The reason we brought up lodging specifically it that there have been a coupe of stories in the news about people being scammed out of their lodging choices. For example, vacationers to Marco Island, Florida, showed up to what they thought were vacation homes that they rented, only to find out they were rented to someone else. It seems that the victim in these cases paid money to scammers who listed the vacation rentals online but didn’t actually own the properties they claimed to rent. This is just a variation of the rental scam where people think they’re renting a home they found on craigslist when the home is either actually for sale or being rented by a real estate agency instead of some guy from craigslist.

    So instead of getting a rental home, you decide to go camping. There’s no way you can be scammed camping, right? It turns out you can, The state of Indiana is warning campers about third-parties who are claiming to rent out campsites at state parks and forests. The scammers collect the money, but when the campers get to the site they thought they paid for, the site has actually been rented to someone else. In the Hoosier State, campers can only reserve campsites in the state parks through the state itself. Check to see if the state you’re going camping in has the same rules.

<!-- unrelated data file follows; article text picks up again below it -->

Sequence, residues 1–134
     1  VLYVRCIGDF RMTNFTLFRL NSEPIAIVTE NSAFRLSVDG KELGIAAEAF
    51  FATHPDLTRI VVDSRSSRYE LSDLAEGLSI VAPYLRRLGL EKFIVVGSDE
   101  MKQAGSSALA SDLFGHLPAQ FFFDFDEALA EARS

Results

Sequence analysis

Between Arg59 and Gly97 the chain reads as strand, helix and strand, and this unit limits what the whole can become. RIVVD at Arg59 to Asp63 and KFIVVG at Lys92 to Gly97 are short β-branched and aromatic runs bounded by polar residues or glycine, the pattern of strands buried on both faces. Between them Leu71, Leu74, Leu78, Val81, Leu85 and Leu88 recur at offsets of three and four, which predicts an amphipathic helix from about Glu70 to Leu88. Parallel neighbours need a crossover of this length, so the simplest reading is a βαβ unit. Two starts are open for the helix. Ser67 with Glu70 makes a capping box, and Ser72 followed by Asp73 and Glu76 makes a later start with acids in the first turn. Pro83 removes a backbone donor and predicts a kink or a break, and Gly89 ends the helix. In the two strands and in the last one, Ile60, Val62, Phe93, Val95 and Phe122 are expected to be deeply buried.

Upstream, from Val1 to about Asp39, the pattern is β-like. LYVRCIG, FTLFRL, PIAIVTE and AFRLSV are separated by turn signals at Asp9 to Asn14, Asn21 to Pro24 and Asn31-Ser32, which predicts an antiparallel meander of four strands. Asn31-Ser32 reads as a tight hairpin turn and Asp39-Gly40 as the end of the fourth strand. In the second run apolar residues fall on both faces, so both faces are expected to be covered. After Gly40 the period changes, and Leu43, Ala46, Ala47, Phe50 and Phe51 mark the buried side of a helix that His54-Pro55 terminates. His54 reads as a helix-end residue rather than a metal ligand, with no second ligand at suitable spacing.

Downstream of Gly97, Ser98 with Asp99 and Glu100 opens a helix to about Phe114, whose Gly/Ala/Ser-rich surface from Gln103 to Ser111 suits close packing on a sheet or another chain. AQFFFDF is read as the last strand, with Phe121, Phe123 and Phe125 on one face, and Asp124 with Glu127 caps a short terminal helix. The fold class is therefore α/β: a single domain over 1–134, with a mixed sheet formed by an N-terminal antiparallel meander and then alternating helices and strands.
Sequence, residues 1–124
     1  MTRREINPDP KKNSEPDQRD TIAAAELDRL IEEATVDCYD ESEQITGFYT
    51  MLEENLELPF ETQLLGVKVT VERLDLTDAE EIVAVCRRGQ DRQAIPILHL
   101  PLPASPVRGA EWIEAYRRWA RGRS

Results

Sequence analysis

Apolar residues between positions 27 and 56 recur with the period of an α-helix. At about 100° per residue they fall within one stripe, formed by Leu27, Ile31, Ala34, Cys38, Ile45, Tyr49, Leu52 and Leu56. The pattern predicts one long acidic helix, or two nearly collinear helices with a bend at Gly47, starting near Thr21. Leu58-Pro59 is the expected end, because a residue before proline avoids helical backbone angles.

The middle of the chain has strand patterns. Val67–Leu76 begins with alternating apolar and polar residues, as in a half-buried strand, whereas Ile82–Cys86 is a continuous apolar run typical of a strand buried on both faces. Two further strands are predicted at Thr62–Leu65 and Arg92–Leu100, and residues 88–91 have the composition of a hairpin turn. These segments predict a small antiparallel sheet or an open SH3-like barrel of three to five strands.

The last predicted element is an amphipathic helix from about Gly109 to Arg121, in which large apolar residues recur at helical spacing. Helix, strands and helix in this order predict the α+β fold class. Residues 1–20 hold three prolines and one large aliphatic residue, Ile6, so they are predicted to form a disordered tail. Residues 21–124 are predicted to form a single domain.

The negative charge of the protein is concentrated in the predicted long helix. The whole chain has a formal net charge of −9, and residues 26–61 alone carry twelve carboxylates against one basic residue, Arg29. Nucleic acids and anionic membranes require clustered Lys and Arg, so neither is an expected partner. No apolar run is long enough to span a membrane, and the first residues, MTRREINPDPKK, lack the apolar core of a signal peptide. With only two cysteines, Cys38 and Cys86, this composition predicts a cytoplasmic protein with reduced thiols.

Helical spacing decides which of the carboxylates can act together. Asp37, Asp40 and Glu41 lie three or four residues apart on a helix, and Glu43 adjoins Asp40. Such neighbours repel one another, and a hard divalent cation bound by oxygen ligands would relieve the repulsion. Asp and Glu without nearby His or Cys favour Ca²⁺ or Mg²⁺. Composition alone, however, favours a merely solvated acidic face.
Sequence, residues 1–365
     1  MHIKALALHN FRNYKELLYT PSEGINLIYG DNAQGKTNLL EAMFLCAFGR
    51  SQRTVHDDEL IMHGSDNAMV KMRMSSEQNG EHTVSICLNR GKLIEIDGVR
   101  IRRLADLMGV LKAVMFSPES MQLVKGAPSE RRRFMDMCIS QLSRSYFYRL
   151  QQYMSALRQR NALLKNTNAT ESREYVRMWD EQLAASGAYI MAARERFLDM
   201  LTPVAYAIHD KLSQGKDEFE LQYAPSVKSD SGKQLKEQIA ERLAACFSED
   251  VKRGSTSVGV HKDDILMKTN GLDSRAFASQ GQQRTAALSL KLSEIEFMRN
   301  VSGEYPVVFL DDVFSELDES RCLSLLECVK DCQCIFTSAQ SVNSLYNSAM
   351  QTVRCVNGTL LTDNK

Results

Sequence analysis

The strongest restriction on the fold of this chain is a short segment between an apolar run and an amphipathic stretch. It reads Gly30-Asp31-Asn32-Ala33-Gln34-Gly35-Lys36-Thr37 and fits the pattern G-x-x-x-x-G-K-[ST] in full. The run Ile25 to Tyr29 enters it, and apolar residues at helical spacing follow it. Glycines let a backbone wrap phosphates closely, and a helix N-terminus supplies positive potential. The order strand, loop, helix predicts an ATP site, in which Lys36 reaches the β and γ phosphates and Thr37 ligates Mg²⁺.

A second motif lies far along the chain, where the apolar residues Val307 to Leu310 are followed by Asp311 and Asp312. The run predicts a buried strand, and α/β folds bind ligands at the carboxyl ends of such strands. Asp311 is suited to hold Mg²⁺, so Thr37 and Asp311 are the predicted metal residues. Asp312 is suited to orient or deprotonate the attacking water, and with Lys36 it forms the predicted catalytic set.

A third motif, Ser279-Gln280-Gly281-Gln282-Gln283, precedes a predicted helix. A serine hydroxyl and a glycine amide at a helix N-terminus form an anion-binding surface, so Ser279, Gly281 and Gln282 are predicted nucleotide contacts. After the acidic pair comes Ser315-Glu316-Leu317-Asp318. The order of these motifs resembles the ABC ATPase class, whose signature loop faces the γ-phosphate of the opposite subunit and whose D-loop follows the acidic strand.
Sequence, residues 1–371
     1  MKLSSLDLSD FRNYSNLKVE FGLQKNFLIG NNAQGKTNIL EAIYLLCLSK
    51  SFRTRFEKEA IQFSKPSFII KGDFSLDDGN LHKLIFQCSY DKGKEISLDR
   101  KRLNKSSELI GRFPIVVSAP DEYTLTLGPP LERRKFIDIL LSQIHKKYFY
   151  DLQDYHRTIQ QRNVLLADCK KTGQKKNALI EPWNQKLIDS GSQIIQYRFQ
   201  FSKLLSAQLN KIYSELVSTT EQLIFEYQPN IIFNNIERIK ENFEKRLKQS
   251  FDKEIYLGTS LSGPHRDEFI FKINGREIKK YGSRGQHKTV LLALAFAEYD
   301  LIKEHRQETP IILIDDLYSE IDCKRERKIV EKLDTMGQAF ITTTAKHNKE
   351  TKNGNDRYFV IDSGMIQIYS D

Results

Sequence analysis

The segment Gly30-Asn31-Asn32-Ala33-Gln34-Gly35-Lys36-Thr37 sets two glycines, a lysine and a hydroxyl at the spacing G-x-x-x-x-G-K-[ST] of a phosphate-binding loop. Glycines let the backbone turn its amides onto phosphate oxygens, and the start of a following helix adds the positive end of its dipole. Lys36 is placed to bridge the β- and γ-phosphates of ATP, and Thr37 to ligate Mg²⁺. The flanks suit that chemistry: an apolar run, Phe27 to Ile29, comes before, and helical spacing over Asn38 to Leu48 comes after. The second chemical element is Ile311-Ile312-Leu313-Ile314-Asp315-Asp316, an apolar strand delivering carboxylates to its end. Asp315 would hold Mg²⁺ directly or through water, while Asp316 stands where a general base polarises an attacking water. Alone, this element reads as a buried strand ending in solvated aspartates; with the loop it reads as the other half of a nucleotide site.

Hotels and short-term rental platforms like Airbnb have their own set of scams to worry about. You can read more about those here and here.

    If you chose to stay home for the holidays this year, you may have made the safest choice of all.

  • Geebo 9:00 am on December 14, 2021 Permalink | Reply
    Tags: real estate, , , tiny home   

    Scammers are selling tiny homes 

    By Greg Collier

    For the past few years, there’s been a trend on social media of people building or buying tiny homes. Most of the people who do so cite financial reasons for why they became enamored with tiny home living. While tiny home living isn’t for everyone, it can’t be denied that rising housing costs have created this relatively new market. But just because you may be thinking about taking the leap into a tiny home lifestyle, that doesn’t mean you should take the decision lightly.

    In South Carolina, The Manufactured Housing Institute of South Carolina is warning residents of the Palmetto State about scammers who are claiming to sell tiny homes. According to the MHISC, scammers are trying to pass off modified storage sheds as tiny homes. The scammers are said to be selling these structures from the roadside. These structures are said to have the barest of amenities added to them and are still considered illegal structures by the state if they were to be used as a home. They are said to lack proper ventilation and other safety standards required in most homes.

    In many ways, moving into a tiny home is more work than buying a ‘standard’ size home. If you’re thinking about taking the plunge into a tiny home, there is a ton of research that needs to be done before you even start building. We think it’s pretty obvious to say that you shouldn’t buy a home from a side of the road vendor with a spray-painted and misspelled sign. Unless you stop at a vegetable stand, there’s not a lot you should be buying off the side of the road. Most importantly, you need to check your state and local regulations regarding tiny homes. Some jurisdictions have banned them outright. You also have to worry about financing, as most traditional housing lenders won’t give loans for tiny homes. Then you have to worry about your new home being up to code as well.